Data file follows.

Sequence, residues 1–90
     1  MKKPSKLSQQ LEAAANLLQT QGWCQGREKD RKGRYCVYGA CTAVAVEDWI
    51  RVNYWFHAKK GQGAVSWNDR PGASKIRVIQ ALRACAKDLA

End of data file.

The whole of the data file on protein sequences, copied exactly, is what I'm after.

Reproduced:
Sequence, residues 1–90
     1  MKKPSKLSQQ LEAAANLLQT QGWCQGREKD RKGRYCVYGA CTAVAVEDWI
    51  RVNYWFHAKK GQGAVSWNDR PGASKIRVIQ ALRACAKDLA